Introductory StatisticsMathematics and Statistics
By the end of this chapter, the student should be able to:
- Differentiate between Type I and Type II Errors
- Describe hypothesis testing in general and in practice
- Conduct and interpret hypothesis tests for a single population mean, population standard deviation known.
- Conduct and interpret hypothesis tests for a single population mean, population standard deviation unknown.
- Conduct and interpret hypothesis tests for a single population proportion.
One job of a statistician is to make statistical inferences about populations based on samples taken from the population. Confidence intervals are one way to estimate a population parameter. Another way to make a statistical inference is to make a decision about a parameter. For instance, a car dealer advertises that its new small truck gets 35 miles per gallon, on average. A tutoring service claims that its method of tutoring helps 90% of its students get an A or a B. A company says that women managers in their company earn an average of $60,000 per year.
A statistician will make a decision about these claims. This process is called "hypothesis testing." A hypothesis test involves collecting data from a sample and evaluating the data. Then, the statistician makes a decision as to whether or not there is sufficient evidence, based upon analyses of the data, to reject the null hypothesis.
In this chapter, you will conduct hypothesis tests on single means and single proportions. You will also learn about the errors associated with these tests.
Hypothesis testing consists of two contradictory hypotheses or statements, a decision based on the data, and a conclusion. To perform a hypothesis test, a statistician will:
- Set up two contradictory hypotheses.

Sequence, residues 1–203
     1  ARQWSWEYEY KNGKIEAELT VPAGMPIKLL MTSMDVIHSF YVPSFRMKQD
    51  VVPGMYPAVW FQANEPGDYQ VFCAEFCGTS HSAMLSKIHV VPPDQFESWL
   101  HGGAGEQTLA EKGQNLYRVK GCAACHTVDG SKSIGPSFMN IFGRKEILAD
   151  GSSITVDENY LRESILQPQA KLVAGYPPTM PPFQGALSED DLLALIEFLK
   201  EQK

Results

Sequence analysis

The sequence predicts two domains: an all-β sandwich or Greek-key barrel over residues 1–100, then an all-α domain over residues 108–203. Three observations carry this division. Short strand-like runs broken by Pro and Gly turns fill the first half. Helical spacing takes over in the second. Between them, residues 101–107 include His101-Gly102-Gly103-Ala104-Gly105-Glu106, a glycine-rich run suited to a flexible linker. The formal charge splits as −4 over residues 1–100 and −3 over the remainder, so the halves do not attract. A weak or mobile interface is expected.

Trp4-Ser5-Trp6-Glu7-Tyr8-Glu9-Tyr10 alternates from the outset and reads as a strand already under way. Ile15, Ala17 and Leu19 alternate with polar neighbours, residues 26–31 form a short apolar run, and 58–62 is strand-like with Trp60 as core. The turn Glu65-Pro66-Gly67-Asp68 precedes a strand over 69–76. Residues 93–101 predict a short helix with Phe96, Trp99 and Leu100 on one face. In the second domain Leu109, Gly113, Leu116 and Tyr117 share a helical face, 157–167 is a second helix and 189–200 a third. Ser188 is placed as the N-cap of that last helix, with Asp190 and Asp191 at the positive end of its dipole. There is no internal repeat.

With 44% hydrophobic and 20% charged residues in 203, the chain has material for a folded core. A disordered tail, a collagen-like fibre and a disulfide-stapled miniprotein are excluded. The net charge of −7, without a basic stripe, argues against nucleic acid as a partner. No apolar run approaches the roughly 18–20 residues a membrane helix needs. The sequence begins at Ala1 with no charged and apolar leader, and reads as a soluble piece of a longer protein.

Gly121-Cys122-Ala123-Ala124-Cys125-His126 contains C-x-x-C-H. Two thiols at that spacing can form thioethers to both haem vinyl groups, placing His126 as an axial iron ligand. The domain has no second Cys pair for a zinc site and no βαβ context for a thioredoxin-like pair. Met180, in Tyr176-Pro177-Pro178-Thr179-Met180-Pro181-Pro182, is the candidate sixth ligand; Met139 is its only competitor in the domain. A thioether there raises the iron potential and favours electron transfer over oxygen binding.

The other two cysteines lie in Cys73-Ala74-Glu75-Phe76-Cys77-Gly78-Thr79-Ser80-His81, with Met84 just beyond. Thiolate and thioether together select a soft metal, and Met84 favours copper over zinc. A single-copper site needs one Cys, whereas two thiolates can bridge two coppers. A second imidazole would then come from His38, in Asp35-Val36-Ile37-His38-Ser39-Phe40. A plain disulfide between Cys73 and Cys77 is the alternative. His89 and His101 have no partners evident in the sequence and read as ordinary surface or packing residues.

- Collect sample data (in homework problems, the data or summary statistics will be given to you).
- Determine the correct distribution to perform the hypothesis test.
- Analyze sample data by performing the calculations that ultimately will allow you to reject or decline to reject the null hypothesis.
- Make a decision and write a meaningful conclusion.
To do the hypothesis test homework problems for this chapter and later chapters, make copies of the appropriate special solution sheets. See Appendix E.
- Introductory Statistics
- Sampling and Data
- Descriptive Statistics
- Stem-and-Leaf Graphs (Stemplots), Line Graphs, and Bar Graphs
- Histograms, Frequency Polygons, and Time Series Graphs
- Measures of the Location of the Data
- Box Plots
- Measures of the Center of the Data
- Skewness and the Mean, Median, and Mode
- Measures of the Spread of the Data
- Descriptive Statistics
- Probability Topics
- Discrete Random Variables
- Probability Distribution Function (PDF) for a Discrete Random Variable
- Mean or Expected Value and Standard Deviation
- Binomial Distribution
- Geometric Distribution
- Hypergeometric Distribution
- Poisson Distribution
- Discrete Distribution (Playing Card Experiment)
- Discrete Distribution (Lucky Dice Experiment)
- Continuous Random Variables
- The Normal Distribution
- The Central Limit Theorem
- Confidence Intervals
- Hypothesis Testing with One Sample
- Hypothesis Testing with Two Samples
- The Chi-Square Distribution
- Linear Regression and Correlation
- F Distribution and One-Way ANOVA
- Appendix A: Review Exercises (Ch 3-13)
- Appendix B: Practice Tests (1-4) and Final Exams
- Appendix C: Data Sets
- Appendix D: Group and Partner Projects
- Appendix E: Solution Sheets
- Appendix F: Mathematical Phrases, Symbols, and Formulas
- Appendix G: Notes for the TI-83, 83+, 84, 84+ Calculators
- Appendix H: Tables